Scientists from the University of California at Berkeley published a paper in the Nature journal. In their most recent study, they used fMRI machines to track the specific parts of the brain that reacted when different words were used. The data discovered was used to create a three dimensional model which displays the regions of the brain that are associated with different meanings – words were separated into categories for better organization.
The researchers organized words heard in the show into twelve groups based on meaning. For example, they created a “numeric” group for number words and a “violent” group for words implying conflict. They then divided the brain into small regions that activate together when hearing a word. By cross-referencing these two datasets they were able to identify the correlations between the meanings of words and the parts of the brain that react to them.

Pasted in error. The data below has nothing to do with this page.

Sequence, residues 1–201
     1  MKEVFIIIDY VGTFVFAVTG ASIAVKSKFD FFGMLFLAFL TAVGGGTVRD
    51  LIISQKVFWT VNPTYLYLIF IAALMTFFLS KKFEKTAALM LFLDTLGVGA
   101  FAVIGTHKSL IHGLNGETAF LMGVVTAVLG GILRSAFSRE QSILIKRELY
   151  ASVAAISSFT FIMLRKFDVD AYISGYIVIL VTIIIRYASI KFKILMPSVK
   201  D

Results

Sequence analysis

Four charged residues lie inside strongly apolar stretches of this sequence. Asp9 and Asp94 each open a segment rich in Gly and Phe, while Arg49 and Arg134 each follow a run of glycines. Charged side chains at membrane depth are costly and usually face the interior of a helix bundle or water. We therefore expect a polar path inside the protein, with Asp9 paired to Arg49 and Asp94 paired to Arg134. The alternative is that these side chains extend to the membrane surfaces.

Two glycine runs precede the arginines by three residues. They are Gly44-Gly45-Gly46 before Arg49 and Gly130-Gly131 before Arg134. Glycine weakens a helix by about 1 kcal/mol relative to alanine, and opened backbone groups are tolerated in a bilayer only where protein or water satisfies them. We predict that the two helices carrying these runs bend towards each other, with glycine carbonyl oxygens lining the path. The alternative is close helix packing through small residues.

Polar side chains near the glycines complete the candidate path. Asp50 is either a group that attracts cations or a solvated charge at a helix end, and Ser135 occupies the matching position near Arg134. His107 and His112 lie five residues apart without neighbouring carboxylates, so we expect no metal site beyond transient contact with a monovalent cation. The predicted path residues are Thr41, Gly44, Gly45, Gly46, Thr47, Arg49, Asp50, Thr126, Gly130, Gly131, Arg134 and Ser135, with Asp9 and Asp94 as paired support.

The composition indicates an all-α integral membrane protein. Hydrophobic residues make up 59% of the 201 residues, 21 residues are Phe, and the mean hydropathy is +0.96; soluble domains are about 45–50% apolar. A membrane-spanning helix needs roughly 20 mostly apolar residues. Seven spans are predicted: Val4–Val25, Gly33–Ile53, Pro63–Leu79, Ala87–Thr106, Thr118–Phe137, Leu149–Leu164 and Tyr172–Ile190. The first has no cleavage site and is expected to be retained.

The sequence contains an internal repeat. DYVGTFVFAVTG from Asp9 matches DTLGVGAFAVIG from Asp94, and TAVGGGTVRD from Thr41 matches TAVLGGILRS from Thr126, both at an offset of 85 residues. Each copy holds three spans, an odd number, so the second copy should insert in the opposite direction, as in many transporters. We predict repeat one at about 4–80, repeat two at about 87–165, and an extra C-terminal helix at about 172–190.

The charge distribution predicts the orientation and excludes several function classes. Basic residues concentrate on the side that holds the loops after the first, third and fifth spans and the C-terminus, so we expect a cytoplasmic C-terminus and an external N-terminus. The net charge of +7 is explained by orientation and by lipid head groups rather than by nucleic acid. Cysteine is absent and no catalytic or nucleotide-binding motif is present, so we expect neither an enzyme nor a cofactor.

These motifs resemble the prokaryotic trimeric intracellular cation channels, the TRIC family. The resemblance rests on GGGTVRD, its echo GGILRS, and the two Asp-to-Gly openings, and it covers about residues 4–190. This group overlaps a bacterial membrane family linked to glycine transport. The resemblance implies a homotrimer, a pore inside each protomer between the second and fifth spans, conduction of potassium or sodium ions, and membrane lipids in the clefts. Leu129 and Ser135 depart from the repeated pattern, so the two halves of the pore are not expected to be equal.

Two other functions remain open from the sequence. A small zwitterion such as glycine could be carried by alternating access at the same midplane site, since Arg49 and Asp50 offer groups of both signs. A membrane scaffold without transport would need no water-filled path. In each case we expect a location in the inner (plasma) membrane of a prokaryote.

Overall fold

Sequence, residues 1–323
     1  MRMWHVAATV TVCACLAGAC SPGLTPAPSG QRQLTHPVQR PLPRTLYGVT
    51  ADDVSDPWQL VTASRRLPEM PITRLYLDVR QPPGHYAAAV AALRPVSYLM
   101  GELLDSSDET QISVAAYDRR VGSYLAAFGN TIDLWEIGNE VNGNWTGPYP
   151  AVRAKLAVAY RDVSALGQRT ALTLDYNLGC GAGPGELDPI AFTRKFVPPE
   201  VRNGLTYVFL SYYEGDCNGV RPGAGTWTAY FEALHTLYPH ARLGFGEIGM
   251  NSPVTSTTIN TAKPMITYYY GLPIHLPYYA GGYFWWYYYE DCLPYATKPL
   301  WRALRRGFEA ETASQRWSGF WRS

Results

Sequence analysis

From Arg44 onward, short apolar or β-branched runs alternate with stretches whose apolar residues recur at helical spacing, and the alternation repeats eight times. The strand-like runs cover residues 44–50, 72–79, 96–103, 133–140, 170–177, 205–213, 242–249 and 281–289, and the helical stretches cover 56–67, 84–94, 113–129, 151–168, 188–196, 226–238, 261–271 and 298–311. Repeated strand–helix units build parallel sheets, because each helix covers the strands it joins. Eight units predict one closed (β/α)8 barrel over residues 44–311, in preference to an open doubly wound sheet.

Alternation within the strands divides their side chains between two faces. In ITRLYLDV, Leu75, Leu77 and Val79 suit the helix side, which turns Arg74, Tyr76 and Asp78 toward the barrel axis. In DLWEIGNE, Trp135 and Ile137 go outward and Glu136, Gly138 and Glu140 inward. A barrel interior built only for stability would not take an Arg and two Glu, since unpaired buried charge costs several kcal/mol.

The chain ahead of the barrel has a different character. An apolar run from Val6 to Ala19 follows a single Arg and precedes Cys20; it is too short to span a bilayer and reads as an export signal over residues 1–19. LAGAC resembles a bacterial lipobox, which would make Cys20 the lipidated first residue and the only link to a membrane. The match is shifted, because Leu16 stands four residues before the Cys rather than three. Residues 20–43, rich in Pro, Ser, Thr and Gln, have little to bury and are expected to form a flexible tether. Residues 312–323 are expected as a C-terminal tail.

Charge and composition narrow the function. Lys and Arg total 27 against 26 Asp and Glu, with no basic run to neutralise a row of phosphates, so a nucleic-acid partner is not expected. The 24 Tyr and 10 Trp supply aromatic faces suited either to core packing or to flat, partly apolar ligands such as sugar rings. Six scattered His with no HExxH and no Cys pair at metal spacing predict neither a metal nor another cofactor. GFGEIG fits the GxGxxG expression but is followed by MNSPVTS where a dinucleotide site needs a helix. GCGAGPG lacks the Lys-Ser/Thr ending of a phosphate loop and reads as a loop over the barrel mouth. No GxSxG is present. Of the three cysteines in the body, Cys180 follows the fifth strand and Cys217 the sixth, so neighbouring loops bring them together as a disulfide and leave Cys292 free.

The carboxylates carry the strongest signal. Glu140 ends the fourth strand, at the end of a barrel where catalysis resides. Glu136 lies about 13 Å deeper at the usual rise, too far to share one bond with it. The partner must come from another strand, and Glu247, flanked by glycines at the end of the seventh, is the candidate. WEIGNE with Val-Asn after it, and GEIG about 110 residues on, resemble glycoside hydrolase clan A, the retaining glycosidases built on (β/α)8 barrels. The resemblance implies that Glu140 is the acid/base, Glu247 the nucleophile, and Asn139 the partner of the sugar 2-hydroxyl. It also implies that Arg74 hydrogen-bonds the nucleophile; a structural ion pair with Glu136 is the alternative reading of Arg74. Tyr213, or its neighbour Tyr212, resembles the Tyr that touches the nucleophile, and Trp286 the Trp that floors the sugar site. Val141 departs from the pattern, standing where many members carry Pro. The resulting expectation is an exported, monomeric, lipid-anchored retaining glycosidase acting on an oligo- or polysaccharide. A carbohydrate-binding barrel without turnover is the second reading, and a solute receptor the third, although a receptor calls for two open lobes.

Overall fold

Though the they only tested seven individuals, the fMRI data showed that all their reactions were similar. The authors speculate this could be due to common upbringing, but it may also indicate that there is a biological explanation for how meaning is organized in the brain.
The authors used their data to create a three-dimensional model of what regions are associated with which meanings. They’ve made that model available online. Try clicking around in the brain to see the individual clusters of words. Also “unfold” the brain to see what words are lurking inside those gray folds.